Review of: The Closing of the Western Mind: The Rise of Faith and the Fall of Reason by Charles Freeman

Charles Freeman’s dense, panoramic and controversial The Closing of the Western Mind: The Rise of Faith and the Fall of Reason is actually three books synthesized into a single volume. One characterizes the marked transition from the ancient pagan rational philosophical and scientific world – especially in the west – into an increasingly rigid doctrinaire faith-driven Christian domain. This will come as quite a surprise to those who believed that this was a much later development closing of the western mindcharacteristic of the medieval period subsequent to the fall of Rome. The second serves essentially as a history of Christianity and Christian theology that catalogs a merciless evolution into a static creed that not only unequivocally rejected scientific and rational thought but embraced an unquestioning dogmatism that brooked neither dissent nor even inquiry, and frequently brutally punished those who did not satisfactorily conform as heretics, much like a brand of Stalinism with a crucifix. The third is Freeman’s exploration of his thesis as spelled out in the book’s full title that Christianity was indeed responsible for what he terms “the fall of reason:” the end of science and philosophy and rational thought that thrived in the Classical World, whether by design or unintended consequence.

This is rather heady stuff, more than dizzying at times and by no means a light Saturday afternoon read. I myself read this book over several months along with multiple others, which allowed me more time to contemplate the contents. And there is much to contemplate! The book jacket credits Freeman with an “. . . encyclopedic knowledge of the ancient world,” which the text of this volume clearly reveals to be no idle boast. I have read Freeman before and he is always ambitious but this effort steps beyond ambition to the comprehensive and the magisterial and in this he mostly succeeds, although the complexity and the overwhelming wealth of detail will leave many readers behind in a swirl of ancient schools of philosophy, early Christian sects, asceticism, ecumenical councils, eschatology, emperors, bishops, martyrs, heretics and much more to make the heads of the uninitiated spin. In other words, don’t tread lightly as you open the covers of this work.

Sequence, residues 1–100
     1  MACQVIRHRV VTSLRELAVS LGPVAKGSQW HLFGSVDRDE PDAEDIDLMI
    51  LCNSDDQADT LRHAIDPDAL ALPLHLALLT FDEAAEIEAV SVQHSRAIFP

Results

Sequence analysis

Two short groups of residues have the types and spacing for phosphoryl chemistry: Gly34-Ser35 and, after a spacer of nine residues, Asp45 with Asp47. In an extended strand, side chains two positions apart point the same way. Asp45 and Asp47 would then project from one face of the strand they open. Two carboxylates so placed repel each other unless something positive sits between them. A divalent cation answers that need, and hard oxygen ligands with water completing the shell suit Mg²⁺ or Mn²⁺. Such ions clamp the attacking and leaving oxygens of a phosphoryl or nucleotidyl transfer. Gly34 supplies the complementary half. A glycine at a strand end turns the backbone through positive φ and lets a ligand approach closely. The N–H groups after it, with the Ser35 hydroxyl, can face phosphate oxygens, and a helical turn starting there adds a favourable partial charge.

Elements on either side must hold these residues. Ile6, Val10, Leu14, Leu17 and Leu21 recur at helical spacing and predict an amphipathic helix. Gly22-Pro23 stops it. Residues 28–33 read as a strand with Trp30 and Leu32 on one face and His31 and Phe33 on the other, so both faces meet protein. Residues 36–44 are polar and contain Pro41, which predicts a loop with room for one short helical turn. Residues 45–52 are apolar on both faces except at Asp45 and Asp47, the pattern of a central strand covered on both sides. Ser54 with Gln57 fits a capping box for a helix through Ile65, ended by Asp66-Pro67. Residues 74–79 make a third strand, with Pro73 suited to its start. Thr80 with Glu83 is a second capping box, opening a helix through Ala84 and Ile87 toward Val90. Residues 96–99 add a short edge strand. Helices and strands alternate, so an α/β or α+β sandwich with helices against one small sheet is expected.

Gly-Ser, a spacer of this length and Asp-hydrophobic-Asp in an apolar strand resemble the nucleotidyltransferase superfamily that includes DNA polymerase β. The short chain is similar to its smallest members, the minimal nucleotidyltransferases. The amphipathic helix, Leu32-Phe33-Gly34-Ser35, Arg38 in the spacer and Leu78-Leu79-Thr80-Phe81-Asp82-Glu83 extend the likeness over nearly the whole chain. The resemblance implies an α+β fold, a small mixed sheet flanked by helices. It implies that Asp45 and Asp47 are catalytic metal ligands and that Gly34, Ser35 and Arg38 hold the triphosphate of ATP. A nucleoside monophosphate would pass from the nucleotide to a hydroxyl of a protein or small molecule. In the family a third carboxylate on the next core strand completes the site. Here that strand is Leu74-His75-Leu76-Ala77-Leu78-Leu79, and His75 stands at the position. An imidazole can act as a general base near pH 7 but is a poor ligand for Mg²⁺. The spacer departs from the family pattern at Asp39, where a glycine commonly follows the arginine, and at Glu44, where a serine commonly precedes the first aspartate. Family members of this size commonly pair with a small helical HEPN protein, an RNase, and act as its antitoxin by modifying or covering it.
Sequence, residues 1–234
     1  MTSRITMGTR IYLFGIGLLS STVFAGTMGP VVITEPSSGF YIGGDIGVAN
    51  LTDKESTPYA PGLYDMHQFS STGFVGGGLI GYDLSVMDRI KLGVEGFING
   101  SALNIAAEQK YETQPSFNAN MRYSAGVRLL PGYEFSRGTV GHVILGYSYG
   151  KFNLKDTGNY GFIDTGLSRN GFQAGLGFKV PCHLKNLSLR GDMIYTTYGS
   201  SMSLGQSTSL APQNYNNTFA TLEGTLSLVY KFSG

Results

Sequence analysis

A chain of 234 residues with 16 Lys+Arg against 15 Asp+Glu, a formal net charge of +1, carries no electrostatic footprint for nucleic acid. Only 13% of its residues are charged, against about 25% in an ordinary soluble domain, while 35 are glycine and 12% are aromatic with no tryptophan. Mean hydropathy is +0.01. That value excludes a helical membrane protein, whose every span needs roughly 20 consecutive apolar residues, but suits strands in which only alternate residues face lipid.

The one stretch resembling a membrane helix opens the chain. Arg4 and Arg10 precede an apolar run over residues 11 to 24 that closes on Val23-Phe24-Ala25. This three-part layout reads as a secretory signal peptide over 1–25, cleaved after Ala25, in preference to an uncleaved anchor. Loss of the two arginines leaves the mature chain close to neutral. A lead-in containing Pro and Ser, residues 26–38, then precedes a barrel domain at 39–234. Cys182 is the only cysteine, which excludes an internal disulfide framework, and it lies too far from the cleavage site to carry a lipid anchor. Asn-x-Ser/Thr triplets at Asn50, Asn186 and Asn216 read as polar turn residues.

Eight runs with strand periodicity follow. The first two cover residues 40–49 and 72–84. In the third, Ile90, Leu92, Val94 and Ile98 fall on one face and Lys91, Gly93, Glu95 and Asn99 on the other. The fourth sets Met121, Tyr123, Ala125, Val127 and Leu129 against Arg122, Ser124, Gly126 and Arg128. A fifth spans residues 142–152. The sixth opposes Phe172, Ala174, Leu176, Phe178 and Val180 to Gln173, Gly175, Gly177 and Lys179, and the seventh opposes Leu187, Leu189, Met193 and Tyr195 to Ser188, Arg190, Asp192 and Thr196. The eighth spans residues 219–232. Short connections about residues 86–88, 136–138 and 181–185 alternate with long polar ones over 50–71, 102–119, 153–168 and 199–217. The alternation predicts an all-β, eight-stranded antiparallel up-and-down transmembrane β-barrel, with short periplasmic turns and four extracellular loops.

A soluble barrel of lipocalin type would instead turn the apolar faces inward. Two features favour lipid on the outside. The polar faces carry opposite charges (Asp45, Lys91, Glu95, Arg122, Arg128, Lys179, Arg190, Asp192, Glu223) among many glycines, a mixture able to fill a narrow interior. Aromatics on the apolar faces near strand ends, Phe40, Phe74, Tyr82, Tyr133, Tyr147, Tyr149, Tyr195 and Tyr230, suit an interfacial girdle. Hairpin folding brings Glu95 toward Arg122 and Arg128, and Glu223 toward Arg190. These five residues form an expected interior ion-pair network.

At the outset it should be noted that certain readers will no doubt queue up at diametrically opposed fault lines in reaction to this book, with true believers of the Christian faith likely to be hostile to a theme that might be happily embraced by the unapologetically atheist anti-religious school of a Richard Dawkins devotee. Much of the rest of us probably don’t fall neatly into either camp of extremes, although I myself would rather have a beer with Dawkins than Mike Huckabee. Among historians, I suspect most non-evangelical Christians and most secularists will have few passions stirred, but will instead read and study Freeman with exactly the kind of healthy skepticism more characteristic of Classical pre-Christian times than that which came after. Full disclosure: I am a historian and I have studied both philosophy and religious studies to some depth. I was raised with a Christian faith that precipitously tumbled after a long summer devoted to reading much of the King James Version, Old and New Testaments; by the fall I tagged myself an “atheist.” Much later in life, I find that term far too arrogant, so I often describe myself – with tongue fully in cheek – as a “dogmatic skeptic.” Whatever your beliefs, faith must be set aside in any rational study of history.